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Does Stage Management define your Life, or does your Life define your Stage Management?

Katy McGlaughlin • Stage Manager’s Kit • April 8, 2016

One of the sessions I was most excited about at USITT was the very last Saturday session, the Stage Management Round Table. It was facilitated by Michele Kay and boasted a panel of awesome stage managers. They led us in a discussion about Vulnerability, Trust, Communication, Cooperation, Creativity, and Collaboration. We shared thoughts and stories about how each of these things are important and how they build upon one another like the layers of a cake to create a great process.

It takes vulnerability to build trust. Once we have built a trusting relationship with our team communication can flow freely. If everyone can communicate their needs openly they will be more willing to “do what is right rather than insist on being right”.  While cooperation is an excellent starting place it tends to put people in a win/lose situation, but people who are willing to cooperate and then bring their creativity to the table can almost always find a way to collaborate. Of course there is a lot more to each of the elements but when they are working together it can take a production from fine to fantastic!

We talked about vulnerability meaning being open and not trying to keep our process a secret; admitting that we are fallible, owning our mistakes and not expecting others to be perfect. Trust is built by establishing clear expectations and by doing your job well consistently. My favorite quote about building trust was “don’t try to prove yourself just do the job well.” Communication is something we talk about a lot as managers; one of the interesting points we talked about was body language and how much we communicate when we aren’t even talking. Being aware of yourself is just as important as being aware of what you are saying. Cooperation sounds like a great idea but we talked about it being a win/lose situation most of the time because someone is giving something up. Cooperation tends to be task oriented and puts the production first but can ultimately take a victory away from your team. Creativity is pretty much the essence of what we do. Aim to problem solve and find solutions rather than look for problems and hold ups (we are often called upon to think about potential snags but we need to approach them in a positive way).  And final collaboration, the pinnacle of what we strive to do! Turning “I” into “we” and fostering a win/win solution. This calls for us (and our team) to subjugate the ego – by collaborating we share both the responsibility and the reward.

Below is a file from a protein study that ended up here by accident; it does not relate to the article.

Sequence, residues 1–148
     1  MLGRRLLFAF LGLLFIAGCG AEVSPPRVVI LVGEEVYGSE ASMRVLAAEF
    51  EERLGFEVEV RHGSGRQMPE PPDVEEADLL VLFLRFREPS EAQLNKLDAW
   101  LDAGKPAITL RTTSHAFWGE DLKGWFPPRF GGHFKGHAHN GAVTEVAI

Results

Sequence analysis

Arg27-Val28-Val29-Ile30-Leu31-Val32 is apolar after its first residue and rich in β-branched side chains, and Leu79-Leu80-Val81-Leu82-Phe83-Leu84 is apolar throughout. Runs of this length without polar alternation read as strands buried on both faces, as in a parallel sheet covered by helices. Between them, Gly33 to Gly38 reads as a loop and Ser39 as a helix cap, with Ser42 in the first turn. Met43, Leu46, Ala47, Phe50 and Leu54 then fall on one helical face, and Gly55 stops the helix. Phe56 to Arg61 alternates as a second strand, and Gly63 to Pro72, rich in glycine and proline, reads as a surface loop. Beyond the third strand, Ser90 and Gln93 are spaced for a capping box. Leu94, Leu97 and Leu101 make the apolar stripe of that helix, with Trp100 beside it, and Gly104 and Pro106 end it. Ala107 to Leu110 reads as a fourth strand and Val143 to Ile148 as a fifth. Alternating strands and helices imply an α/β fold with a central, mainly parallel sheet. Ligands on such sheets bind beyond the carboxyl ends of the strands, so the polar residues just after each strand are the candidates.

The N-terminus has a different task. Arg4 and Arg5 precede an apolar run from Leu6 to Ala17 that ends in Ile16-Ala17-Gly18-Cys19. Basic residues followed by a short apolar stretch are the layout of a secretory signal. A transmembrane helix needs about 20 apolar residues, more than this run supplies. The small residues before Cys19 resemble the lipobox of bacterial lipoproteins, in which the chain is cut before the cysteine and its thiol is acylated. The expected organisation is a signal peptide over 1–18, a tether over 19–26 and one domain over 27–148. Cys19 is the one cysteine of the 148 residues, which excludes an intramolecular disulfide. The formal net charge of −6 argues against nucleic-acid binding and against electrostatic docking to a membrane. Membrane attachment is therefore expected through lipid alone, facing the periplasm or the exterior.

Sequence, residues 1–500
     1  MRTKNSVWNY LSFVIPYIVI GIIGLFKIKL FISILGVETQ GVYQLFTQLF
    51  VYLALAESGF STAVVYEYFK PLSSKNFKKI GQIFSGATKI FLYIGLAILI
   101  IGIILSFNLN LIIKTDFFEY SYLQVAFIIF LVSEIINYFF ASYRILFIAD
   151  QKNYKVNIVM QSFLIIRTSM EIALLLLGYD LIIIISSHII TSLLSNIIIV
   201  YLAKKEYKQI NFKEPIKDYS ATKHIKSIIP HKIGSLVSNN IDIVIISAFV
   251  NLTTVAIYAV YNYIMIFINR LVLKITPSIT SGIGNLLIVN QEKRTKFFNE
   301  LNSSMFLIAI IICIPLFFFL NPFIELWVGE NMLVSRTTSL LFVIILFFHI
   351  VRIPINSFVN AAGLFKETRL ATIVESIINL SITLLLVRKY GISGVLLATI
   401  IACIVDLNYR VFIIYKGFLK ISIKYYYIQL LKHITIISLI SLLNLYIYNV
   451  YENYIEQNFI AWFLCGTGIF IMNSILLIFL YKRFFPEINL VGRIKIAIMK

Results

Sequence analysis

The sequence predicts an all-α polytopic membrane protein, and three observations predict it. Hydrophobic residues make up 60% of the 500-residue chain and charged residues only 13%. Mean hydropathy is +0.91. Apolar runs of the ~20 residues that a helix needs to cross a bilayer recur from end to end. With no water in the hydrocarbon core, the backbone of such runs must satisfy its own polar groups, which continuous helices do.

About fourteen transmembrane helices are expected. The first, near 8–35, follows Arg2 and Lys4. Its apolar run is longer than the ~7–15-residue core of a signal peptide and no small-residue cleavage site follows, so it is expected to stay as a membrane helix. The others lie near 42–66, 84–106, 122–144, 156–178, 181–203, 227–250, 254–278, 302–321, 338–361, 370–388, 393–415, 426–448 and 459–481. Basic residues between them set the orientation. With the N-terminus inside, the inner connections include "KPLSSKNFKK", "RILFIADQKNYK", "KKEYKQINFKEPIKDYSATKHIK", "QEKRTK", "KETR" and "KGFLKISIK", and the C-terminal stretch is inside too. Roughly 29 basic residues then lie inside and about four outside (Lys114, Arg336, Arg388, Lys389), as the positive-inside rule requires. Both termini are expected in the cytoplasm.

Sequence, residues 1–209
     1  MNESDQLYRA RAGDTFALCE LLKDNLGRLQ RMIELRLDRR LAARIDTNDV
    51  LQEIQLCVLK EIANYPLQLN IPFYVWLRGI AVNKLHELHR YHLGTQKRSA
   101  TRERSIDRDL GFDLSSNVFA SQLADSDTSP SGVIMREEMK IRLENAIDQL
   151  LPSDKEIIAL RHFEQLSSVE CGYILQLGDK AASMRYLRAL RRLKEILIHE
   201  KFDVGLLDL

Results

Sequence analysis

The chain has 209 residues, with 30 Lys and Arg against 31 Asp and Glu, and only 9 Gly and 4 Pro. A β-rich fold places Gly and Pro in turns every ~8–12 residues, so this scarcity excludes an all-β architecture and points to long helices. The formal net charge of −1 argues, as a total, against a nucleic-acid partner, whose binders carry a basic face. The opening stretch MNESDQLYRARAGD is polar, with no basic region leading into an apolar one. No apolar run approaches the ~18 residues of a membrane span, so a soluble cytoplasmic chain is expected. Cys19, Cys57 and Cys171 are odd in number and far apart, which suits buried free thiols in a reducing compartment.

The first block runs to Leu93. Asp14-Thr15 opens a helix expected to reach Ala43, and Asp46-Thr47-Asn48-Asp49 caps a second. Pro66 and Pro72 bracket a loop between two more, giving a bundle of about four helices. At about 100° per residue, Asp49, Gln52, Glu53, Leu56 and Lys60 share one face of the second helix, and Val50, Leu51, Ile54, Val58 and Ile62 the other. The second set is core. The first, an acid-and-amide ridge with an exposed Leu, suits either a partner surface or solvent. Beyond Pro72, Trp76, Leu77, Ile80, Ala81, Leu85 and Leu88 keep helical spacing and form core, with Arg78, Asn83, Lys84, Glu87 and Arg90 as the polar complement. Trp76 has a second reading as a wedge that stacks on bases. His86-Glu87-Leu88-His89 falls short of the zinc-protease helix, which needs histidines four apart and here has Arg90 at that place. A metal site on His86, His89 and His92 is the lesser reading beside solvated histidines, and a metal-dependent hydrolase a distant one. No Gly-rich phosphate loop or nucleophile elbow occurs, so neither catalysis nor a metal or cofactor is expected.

They also talked about the importance of defining who you are as a manager by what drives you as a human being rather than letting management define who you are as a human being.  As you are finding that definition consider how you want to be remembered, what do you want people to say about you when you leave? We made a lot of good comparisons to other types of management and talked about using the “soft skills” of general management (adaptability, flexibility, etc.) and just applying them to theatre rather than trying to make stage management its own beast. Of course theatre is unique in a lot of ways and management styles do have to be adapted.

Being in a room full of theatre managers was amazing! There were so many great insights and stories! The information was wonderful but more than anything, the connections with other like-minded people are the most incredible part of USITT. I am so thankful to have gotten to experience not only the conference but the people!

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